Week 32 – The First “Cat is Finally Out of the Bag!”

Hope everyone is doing well and is safe and healthy. This week has flown by. We spent some time getting ready to release this past Wednesday’s news announcement. In case you missed the big news, here is the link. This agreement has been in the works for some time. Unlike BioSurfaces, which is small and nimble, larger companies have more processes that have to be conducted. The initial discussions with Corning actually started last November with Jacki and Allyson (District and Local Account Representatives, respectively) to introduce them to our technology that we were working on for investigators at the National Institutes of Health. This quickly led to a meeting with Lynsey (Segment Director), who was instrumental in championing the potential of the technology within Corning. Having a great champion when you are looking to execute a deal is essential and we are appreciative of the work Lynsey put in to get us to this point. Lynsey introduced us to Kim, who is a Director of Global Business Operations to get further approval for the technology. We were then introduced to John, who is the Global Strategic Sourcing Manager, to establish the agreement terms. This does not include all the members of our team that were involved in the process.


The reason I am giving you this information is not to just drop names or provide you an overview of the process, but to show how much work and time goes into these types of agreements. There are many places where things can go sideways in a hurry. Thinking about what we went through to get this done, it does give you a sense of accomplishment. I am sure this is one of many deals Corning executes so they may not have the appreciation that we do since we were tackling not just this agreement, but continuing to develop the manufacturing process and implement quality control test procedures. We are excited to

report that we are beginning to ramp up production of 96-well Transwell cell culture insert plates containing Bio-Spun™ electrospun PDGLA membranes (either 0.6 or 1.0 I.V. polymers; see picture). What this means is that we can make different biodegradable materials that will break down at different rates. We have also begun to make these plates containing our Bio-Spun™ electrospun polyester or polyurethane membranes and are investigating different plate configurations (for example, 24-well plates). Initially, we will provide customers who reach out to us via email (info@biosurfaces.us) or through our website (which should be online next week) one plate to evaluate free of charge to see if this technology works for their respective application.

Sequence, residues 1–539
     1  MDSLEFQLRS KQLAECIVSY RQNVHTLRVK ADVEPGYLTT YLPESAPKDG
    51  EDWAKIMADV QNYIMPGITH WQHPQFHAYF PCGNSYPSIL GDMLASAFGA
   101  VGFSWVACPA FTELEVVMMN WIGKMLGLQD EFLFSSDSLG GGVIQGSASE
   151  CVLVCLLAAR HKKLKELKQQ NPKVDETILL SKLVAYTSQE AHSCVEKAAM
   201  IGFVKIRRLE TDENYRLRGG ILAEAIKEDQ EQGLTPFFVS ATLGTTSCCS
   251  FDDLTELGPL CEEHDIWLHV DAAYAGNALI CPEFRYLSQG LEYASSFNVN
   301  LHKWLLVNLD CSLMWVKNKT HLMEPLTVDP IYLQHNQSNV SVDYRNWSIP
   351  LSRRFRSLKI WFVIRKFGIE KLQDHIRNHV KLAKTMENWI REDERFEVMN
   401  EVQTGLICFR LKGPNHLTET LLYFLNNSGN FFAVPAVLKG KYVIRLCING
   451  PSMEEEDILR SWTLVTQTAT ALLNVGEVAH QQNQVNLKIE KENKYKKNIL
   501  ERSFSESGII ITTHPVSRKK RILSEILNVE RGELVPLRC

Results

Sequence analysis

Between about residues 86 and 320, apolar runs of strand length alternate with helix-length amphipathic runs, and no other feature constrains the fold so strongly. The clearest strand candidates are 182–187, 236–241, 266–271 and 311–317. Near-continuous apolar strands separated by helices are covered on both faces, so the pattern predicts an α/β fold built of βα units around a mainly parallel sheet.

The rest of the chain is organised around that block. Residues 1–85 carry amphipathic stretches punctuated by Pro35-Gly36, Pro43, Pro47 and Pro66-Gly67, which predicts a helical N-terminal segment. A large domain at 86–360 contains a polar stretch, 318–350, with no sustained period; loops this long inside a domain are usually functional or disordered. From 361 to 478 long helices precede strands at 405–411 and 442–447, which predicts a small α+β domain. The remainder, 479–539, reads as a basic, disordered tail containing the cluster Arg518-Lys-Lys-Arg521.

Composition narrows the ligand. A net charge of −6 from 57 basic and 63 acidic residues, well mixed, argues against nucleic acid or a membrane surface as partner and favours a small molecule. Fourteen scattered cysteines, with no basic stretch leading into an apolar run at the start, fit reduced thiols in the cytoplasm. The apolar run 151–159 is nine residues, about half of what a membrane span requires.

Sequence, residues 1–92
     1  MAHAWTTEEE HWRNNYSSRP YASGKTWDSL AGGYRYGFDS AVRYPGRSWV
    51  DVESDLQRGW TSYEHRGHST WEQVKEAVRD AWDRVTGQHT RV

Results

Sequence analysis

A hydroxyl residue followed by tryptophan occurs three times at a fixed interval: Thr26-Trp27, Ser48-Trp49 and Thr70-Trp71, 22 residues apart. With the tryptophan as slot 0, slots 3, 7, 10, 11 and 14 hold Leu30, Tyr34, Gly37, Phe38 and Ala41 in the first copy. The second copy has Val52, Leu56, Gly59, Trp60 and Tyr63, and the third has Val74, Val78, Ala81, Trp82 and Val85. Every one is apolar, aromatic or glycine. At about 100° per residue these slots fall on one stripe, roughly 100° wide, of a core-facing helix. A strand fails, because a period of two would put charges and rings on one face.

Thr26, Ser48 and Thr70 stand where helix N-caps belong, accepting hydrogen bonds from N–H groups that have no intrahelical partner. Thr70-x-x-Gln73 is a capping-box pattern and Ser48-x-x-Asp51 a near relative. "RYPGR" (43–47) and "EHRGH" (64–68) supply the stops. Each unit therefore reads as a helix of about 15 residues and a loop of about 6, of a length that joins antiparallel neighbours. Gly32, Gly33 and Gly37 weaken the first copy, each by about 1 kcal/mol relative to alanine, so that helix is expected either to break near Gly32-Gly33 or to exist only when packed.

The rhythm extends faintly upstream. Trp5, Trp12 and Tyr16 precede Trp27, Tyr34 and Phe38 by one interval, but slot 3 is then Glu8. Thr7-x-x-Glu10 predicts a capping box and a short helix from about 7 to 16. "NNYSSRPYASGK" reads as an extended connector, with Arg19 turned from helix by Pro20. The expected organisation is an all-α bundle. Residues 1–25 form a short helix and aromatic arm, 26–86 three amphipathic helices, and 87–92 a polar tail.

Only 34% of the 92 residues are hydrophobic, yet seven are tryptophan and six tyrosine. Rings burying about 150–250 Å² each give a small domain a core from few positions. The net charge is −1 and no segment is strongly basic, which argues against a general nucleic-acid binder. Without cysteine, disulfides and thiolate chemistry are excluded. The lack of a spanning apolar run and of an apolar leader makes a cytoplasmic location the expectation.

As you can guess from title of the blog, we are hoping that this is the first of many “cats” (announcements) coming over the next several weeks to months. There are many possible things that can happen that could make these discussions go sideways or fall through even though we are working with some excellent champions. In addition to these discussions, we will be releasing our second webcast next week “Perianal Fistulas – Simplest Complicated Problem.” This will provide some great insight to an area that we have been working on with Takeda. We are thinking about providing more insight as to how these cell culture insert plates mentioned above are important tools for 3D-tissue biofabrication.

We also continue to produce our face masks that contain our Bio-Spun™ polyester materials with nanosilver. I believe that we may be needing these devices for the long-term. Tina and I are currently using these masks in areas in which social distancing cannot be consistently maintained. These masks have performed well in terms of wearability and durability. We were able to make some changes to the ear pieces to improve comfort as well as streamlines the process. We are currently exploring the possibility of testing these bioactive materials for anti-viral activity. We are also looking at incorporating a face shield into a portion of these masks for people who will be in close contact with unmasked people (e.g. servers at restaurants). Please do not hesitate to reach out to us if you need this type of mask. As before, we are providing these free of charge.

Continue to stay vigilant and keep social distancing, wear a mask where social distancing is not possible to protect yourself and those around you and frequently wash your hands. It is too easy to go backwards if we do not all pull together. Getting back to some sort of real normal depends on it. The evidence is overwhelming that masks have a positive effect on controlling the virus. Keep supporting your local businesses as they continue to work through these challenging times. Many of these businesses are nowhere near out of the woods yet and won’t be for a while.


Matt

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